Move Over, Honey. Teddy Is Getting In.

By any standard, Scooter, 22, is a world traveler. After spending his early years in Weston, Conn., he moved to Syracuse, N.Y., for college before settling in New York City. He has also traveled to Hawaii, Dubai, Ecuador, South Africa and Australia.

Nearly two years ago, he ventured to the Maldives, Singapore and South Korea, accompanying a couple on their honeymoon. He even slept in their bed.

Scooter is not a person. He is the beloved stuffed animal — a brown, 16-inch-long Beanie Babies dog — of my friend Jaclyn Roth, an entertainment journalist in New York.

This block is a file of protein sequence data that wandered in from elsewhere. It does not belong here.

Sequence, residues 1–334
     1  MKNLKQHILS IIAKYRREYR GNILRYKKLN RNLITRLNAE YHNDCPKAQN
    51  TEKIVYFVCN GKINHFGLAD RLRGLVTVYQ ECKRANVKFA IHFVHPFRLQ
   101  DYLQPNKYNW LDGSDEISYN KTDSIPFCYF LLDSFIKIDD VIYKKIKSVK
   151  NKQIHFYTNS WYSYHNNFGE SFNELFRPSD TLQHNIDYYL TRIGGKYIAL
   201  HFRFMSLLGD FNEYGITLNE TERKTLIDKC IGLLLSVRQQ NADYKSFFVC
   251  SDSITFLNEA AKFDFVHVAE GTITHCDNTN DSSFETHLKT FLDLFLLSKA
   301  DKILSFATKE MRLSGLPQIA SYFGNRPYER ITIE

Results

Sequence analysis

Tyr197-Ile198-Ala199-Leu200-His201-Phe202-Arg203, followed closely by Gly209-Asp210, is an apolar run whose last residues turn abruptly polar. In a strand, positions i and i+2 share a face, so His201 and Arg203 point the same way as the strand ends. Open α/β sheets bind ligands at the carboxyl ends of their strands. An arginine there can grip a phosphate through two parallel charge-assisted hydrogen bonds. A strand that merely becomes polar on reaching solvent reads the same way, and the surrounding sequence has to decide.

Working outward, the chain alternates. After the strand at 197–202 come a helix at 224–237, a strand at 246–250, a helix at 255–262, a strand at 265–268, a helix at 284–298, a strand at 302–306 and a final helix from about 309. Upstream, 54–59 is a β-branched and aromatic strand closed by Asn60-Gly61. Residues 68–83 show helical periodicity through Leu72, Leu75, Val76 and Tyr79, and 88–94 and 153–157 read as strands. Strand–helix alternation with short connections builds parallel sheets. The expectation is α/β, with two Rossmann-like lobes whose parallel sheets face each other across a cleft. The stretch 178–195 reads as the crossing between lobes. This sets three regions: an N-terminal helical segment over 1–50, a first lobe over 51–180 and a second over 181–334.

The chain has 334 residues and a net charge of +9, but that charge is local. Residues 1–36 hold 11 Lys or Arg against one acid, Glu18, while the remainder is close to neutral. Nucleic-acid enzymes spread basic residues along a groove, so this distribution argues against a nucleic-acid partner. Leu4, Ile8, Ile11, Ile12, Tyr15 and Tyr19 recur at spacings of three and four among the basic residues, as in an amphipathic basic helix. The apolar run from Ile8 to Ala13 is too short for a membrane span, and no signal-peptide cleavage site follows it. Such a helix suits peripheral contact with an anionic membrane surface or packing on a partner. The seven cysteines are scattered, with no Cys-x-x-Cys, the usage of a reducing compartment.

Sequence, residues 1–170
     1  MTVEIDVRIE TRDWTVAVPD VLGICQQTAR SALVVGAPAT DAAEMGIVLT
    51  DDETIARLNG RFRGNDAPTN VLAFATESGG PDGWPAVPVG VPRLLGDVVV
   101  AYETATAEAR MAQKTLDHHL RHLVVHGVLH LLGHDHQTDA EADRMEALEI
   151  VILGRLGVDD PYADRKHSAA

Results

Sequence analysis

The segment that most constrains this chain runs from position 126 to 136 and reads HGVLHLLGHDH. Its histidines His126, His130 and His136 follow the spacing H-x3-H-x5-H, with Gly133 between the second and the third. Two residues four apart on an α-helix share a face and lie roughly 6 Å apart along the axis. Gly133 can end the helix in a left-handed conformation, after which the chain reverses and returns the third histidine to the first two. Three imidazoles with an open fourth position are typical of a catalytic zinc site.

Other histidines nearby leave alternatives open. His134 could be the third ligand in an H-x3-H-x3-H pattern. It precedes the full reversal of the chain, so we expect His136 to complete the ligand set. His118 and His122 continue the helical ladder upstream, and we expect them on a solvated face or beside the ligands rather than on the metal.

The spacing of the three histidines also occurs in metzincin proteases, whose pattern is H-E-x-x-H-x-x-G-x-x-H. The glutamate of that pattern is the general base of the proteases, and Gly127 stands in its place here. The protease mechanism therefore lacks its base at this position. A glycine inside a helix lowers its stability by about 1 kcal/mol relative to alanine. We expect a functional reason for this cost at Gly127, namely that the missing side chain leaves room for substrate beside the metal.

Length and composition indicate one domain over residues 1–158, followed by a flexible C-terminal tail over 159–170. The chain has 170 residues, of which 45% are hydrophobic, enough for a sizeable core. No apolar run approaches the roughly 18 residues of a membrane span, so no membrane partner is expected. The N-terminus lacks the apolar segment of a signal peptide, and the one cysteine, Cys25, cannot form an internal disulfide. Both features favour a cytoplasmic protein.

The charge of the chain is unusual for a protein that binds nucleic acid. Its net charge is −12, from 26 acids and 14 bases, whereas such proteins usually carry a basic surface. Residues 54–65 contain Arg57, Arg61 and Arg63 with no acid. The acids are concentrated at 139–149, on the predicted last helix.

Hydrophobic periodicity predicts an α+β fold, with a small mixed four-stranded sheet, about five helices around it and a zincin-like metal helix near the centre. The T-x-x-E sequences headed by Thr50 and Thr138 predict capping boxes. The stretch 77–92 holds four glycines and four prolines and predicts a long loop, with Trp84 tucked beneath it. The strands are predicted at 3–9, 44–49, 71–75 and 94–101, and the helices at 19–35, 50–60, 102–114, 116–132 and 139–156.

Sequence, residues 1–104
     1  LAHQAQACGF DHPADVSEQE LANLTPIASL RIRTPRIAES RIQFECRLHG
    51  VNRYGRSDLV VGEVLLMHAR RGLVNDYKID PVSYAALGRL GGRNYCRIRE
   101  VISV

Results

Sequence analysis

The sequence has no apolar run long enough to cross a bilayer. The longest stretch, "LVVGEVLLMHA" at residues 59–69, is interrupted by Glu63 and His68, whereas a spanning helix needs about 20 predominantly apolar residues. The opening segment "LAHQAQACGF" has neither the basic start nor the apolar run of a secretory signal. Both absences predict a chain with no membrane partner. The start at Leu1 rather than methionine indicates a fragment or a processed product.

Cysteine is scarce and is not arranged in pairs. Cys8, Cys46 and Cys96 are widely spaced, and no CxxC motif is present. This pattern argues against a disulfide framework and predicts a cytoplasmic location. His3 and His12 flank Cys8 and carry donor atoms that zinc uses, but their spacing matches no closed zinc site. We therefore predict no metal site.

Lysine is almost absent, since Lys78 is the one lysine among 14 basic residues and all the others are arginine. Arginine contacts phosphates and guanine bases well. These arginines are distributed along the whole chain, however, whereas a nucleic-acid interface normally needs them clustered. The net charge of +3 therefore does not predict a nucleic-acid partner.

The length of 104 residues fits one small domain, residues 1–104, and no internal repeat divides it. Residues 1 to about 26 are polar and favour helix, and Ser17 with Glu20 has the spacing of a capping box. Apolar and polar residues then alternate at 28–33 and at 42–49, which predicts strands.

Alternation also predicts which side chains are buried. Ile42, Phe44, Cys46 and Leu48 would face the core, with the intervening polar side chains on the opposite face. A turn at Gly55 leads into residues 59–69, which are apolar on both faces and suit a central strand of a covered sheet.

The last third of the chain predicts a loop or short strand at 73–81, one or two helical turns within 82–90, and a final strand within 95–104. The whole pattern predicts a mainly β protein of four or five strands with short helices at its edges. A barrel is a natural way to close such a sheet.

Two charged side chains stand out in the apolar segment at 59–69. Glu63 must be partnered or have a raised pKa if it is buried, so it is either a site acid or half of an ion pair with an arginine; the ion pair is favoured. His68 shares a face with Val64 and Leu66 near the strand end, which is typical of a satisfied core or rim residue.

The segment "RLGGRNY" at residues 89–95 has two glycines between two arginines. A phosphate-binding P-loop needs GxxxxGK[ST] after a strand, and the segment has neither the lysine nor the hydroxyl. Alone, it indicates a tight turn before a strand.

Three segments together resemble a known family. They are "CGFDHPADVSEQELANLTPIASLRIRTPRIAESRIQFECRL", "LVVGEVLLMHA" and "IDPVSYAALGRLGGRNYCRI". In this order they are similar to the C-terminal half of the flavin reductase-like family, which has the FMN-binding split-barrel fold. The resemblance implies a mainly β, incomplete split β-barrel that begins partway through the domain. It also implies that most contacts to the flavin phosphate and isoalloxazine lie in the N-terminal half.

“It’s nice knowing something safe is with me when I’m traveling overseas or to an unknown location,” said Ms. Roth, 33, of the toy she received on her 10th birthday. “It just helps me sleep better.”

Stuffed animals can help regulate their owners’ nervous systems and provide comfort, said Jaime Zuckerman, a clinical psychologist in Ardmore, Pa., who specializes in anxiety, depression and complex relationship dynamics. “If you have a dog and you meet somebody, it’s not like you get rid of the dog, right?” she said.

Ms. Roth said her husband is “very supportive” of Scooter. “He loves him like his own now,” she added. (Nevertheless, her husband declined to comment for this article.)

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